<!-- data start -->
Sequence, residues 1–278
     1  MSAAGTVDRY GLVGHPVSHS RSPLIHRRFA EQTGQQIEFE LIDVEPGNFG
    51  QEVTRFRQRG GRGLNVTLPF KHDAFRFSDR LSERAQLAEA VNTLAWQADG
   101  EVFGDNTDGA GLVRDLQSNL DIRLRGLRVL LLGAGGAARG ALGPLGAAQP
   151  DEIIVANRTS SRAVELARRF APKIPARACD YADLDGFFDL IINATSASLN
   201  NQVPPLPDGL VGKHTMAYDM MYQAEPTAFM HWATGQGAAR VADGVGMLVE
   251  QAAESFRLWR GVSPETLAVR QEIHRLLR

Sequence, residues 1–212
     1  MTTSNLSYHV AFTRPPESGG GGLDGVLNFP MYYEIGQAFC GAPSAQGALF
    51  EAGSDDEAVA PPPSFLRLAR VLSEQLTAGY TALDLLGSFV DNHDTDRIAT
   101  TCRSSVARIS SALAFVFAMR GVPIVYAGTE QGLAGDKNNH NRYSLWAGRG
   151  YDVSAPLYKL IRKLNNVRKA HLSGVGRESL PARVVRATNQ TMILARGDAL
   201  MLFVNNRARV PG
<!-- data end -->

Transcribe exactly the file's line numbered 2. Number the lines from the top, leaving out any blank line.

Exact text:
     1  MSAAGTVDRY GLVGHPVSHS RSPLIHRRFA EQTGQQIEFE LIDVEPGNFG